Australia failing to end indigenous disadvantage: PM
SYDNEY - Agence France-Presse
Australia's Prime Minister Tony Abbott addresses members of the media after a party room meeting at Parliament House in Canberra February 9, 2015. REUTERS PhotoAustralia's failure to end the entrenched disadvantage of Aboriginal people was described by Prime Minister Tony Abbott Wednesday as "profoundly disappointing" with key targets missed and employment levels actually worsening.
Abbott -- who has prioritised improving the lives of indigenous Australians -- said progress had been made in some health and education areas, but most goals were not being met and more work needed to be done for the country's most impoverished community.
Opposition Labor Party leader Bill Shorten, meanwhile, said the report presented "two nations, two Australias", and the country's first Aboriginal woman elected to the national parliament said the country should be "ashamed".
"This seventh 'Closing The Gap' report is in many respects profoundly disappointing," Abbott told parliament, referring to the yearly report on the divide between Aboriginal and other Australians.
"Despite the concerted efforts of successive governments since the first report, we are not on track to achieve most of the targets."
The report aims to improve the lives of Australia's Aborigines, many of which live in remote and poor areas and have significantly lower life expectancies than other Australians, by setting targets on health, education and mortality.
Abbott said there had been improvements, with mortality rates lower, child and maternal health improving and heart disease rates down for Aboriginal and Torres Strait Islanders.
Gaps in high school completion and mortality rates also appear within reach.
But he said other targets, including closing the gap in life expectancy within a generation and halving the gap in reading and numeracy in children, either had not been met or were not on track to be met.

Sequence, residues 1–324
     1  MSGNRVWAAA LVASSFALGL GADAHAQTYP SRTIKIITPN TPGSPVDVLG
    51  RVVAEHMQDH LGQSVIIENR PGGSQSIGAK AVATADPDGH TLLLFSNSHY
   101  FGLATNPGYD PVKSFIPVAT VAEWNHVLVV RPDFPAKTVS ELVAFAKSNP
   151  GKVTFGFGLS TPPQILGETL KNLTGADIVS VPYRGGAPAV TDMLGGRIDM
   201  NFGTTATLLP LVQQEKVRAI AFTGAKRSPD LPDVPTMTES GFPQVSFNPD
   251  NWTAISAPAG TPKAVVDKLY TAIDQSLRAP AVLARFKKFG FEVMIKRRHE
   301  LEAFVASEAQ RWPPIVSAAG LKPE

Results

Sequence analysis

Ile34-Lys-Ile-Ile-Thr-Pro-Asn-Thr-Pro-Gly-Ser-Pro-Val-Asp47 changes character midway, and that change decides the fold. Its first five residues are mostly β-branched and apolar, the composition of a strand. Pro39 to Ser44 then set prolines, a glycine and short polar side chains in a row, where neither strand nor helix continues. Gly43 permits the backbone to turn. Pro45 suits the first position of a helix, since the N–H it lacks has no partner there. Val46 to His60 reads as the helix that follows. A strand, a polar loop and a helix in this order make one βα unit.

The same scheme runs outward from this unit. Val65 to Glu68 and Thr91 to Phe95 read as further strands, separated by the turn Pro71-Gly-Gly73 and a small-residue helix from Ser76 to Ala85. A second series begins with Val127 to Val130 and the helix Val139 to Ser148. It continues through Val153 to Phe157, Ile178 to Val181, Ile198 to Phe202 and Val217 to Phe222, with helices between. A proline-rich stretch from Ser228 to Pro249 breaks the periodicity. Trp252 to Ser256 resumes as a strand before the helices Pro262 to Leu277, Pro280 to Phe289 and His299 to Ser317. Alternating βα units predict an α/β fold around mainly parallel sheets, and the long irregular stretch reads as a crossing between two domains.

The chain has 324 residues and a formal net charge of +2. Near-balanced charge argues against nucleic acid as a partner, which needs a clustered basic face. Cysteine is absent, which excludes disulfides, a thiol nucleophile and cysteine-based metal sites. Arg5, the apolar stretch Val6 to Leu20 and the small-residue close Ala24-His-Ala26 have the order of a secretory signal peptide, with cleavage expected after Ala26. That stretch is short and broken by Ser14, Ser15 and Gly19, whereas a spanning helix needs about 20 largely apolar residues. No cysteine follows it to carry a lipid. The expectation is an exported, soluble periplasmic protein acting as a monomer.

The report also noted there had been a decline in employment since 2008.
"This is not because of any lack of good will or effort by successive governments," Abbott said.
"We are trying to change entrenched and multigenerational disadvantage. This won't happen overnight. And it may not ever happen, unless we continue to place high demands on ourselves of what we must achieve together."
Abbott, who last year spent almost a week running the government from a remote Aboriginal area in the nation's far north and will do the same this year, called on indigenous communities to help.
Aborigines, who number about 500,000 of a total population of 23 million, suffer disproportionate levels of disease, imprisonment and social problems as well as lower educational attainment, employment and life expectancy.
Labor leader Bill Shorten said the report presented "two nations, two Australias" -- one in which people could look forward to a long life and others a harder, shorter one in which illiteracy, depression, addiction and suicide were common and jobs twice as hard to find.
Senator Nova Peris, the first Aboriginal woman elected to the national parliament, said the report showed neglect.
"There's not a lot to smile about on a day like today," she said.
"Australia is so rich in so many areas, but we've got a lot to be ashamed about in the treatment of Australia's Aboriginal and Torres Strait Islander peoples."